Man in sleeping bag attacked by mountain lion in Nevada County
Trackers spent Sunday and Monday unsuccessfully "scouring the area" where a mountain lion attacked a camper near the Yuba River in Nevada County early Sunday.
The 63-year-old man, who is from Marin County, was alone at the time of the attack, said state Department of Fish and Game spokesman Mike Taugher.
"He knows the area well," Taugher said. "He had a hike planned, but it got late and he decided to spend the night."
The man, who was not identified, spread a sleeping bag out near a tributary of the Yuba River northwest of Nevada City.
At about 1 a.m., the man told authorities, he was attacked in his sleeping bag for 11⁄2 minutes to 2 minutes. He said the mountain lion attacked, bit and clawed him through his sleeping bag, biting through the cap he was wearing and his clothes.
"He was in a mummy bag," Taugher said of the man. "He tried as best he could to defend himself."
The animal ceased the attack, looked at him from 15 feet away for another 15 to 30 seconds, then ran off, according to a Fish and Game news release. The man drove himself to Sierra Nevada Memorial Hospital in Grass Valley, where he was treated and later released.
Fish and Game wardens responded to the hospital and verified the man had suffered severe scratches and puncture wounds. They collected several articles of clothing and his sleeping bag, which were analyzed at the department's wildlife forensics lab ratory in Sacramento.
Wardens also responded to the attack scene, where they found lion tracks. Trained dogs attempted to track the mountain lion, but were not successful. They also found the remains of a domestic cat with injuries consistent with a lion attack.
"We do have personnel scouring the area with dogs, looking for the scent," said Warden Patrick Foy. "They haven't been able to get a strong enough scent to pursue the lion."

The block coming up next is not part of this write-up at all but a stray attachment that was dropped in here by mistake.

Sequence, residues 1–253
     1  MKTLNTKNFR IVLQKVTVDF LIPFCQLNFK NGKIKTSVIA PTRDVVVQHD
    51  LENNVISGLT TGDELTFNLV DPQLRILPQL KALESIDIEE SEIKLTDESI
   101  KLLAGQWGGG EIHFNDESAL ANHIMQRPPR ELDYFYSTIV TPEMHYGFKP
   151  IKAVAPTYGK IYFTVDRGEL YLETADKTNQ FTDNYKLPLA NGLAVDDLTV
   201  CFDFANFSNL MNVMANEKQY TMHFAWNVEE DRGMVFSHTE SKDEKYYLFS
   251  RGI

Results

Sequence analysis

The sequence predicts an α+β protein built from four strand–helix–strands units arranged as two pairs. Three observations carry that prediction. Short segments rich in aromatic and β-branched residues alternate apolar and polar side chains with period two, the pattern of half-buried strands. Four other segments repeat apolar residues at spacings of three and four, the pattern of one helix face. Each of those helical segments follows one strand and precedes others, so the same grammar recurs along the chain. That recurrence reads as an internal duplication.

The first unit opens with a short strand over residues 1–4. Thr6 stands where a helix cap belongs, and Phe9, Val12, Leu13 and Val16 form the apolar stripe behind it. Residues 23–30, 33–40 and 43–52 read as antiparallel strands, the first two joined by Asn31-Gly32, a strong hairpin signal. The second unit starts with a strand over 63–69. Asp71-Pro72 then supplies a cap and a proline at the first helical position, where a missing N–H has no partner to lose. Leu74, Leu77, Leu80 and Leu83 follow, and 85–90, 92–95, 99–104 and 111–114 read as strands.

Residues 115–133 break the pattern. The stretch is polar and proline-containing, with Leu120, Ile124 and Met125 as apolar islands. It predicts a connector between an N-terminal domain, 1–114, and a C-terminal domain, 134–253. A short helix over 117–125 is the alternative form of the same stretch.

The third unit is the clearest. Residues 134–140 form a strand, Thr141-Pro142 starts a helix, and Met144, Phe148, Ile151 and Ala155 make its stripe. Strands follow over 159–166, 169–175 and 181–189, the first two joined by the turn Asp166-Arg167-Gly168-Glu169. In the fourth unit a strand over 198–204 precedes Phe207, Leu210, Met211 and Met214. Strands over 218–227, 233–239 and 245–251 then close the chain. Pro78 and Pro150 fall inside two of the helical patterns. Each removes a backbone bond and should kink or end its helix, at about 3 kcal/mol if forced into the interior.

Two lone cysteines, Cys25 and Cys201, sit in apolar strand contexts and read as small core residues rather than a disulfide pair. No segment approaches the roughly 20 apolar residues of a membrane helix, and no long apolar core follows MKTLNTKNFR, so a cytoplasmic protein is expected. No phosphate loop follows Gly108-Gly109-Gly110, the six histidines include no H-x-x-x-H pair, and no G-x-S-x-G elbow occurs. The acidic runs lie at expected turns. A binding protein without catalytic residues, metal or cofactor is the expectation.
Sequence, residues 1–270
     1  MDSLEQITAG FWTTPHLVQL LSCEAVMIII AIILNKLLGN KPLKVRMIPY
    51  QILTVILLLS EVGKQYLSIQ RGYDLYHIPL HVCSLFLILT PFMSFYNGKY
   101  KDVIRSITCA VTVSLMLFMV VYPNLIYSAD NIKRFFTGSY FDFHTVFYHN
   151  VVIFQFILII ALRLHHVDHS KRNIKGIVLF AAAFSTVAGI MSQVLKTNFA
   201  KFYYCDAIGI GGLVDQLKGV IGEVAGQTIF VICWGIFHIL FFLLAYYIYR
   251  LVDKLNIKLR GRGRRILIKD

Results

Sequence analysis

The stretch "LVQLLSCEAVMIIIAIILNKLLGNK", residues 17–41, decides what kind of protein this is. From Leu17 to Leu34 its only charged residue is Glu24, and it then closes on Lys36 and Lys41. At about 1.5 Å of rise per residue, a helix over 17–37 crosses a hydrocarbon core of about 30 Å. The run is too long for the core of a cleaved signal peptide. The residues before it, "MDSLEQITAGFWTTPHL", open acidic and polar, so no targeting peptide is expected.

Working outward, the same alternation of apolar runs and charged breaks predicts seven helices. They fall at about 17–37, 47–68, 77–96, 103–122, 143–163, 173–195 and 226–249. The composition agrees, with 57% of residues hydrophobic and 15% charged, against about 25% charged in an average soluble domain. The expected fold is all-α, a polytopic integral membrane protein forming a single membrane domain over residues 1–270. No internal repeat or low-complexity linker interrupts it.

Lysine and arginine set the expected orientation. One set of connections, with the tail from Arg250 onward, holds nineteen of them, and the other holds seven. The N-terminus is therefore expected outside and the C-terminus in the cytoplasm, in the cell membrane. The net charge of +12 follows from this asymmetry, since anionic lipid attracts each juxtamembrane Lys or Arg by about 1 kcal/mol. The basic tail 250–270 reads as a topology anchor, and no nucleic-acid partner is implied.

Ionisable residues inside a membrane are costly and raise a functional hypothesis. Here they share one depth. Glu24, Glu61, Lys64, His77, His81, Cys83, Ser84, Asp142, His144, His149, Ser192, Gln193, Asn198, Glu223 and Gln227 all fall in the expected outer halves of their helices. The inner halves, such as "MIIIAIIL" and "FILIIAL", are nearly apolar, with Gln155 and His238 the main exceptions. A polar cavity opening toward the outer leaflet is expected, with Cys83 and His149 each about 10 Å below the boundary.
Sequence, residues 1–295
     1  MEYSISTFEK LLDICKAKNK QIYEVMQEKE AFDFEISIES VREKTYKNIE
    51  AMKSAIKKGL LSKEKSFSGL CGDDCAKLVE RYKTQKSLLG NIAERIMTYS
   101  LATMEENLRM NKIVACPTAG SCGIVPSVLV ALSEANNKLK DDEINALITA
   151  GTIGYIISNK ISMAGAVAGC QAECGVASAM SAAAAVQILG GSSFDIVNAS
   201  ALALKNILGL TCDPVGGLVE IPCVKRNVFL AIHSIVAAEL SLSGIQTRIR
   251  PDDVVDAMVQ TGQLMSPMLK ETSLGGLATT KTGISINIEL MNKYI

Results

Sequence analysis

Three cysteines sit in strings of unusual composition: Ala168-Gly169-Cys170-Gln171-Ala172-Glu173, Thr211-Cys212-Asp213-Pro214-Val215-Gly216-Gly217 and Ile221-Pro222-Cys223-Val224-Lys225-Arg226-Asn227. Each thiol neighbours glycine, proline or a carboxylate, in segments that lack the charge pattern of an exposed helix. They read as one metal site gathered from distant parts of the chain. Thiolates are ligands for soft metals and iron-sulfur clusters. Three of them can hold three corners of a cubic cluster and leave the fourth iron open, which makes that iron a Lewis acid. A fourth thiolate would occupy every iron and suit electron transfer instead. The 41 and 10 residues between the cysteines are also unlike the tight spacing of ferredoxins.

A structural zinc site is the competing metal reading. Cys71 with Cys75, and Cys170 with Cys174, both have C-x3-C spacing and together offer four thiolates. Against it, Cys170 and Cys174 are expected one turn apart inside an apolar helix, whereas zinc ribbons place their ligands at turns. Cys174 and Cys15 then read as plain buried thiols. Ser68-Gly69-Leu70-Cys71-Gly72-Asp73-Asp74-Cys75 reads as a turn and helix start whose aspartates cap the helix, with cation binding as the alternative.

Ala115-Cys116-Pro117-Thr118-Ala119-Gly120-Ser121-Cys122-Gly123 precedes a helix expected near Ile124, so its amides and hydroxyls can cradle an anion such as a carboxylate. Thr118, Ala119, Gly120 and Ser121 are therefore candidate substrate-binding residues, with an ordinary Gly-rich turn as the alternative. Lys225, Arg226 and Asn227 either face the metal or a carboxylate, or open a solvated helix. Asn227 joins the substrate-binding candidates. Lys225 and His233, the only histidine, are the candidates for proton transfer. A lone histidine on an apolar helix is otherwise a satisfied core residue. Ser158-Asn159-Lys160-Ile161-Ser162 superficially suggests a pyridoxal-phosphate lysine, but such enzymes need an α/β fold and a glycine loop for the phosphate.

Mountain lion attacks in California are rare, with only 15 verified incidents since 1890. Of those, six were reported as deaths, although two were due to rabies contracted during the attack. Close to home, runner Barbara Schoener was killed on the American River canyon trail near Coloma in 1994. The most recent verified nonfatal attack was in Humboldt County in 2007.
It is precisely because such incidents are uncommon that it is difficult to extrapolate a reason for Sunday's attack, Taugher said.
"There's not a lot of data to go on," he said. "It has occurred in the past that they have attacked people in sleeping bags."
Mountain lions are unpredictable, Foy added. "Sometimes they can stick by their last kill, and sometimes they will run miles and miles away," he said. "People should exercise normal precautions, but just be a little more alert."
The Department of Fish and Game recommends not hiking, biking or jogging alone, and avoiding hiking or jogging when mountain lions are most active — dawn, dusk and at night.
If you encounter a mountain lion, according to Fish and Game, do not run; instead, face the animal, make noise and try to look larger by waving your arms; throw rocks or other objects. Pick up small children. If attacked, fight back.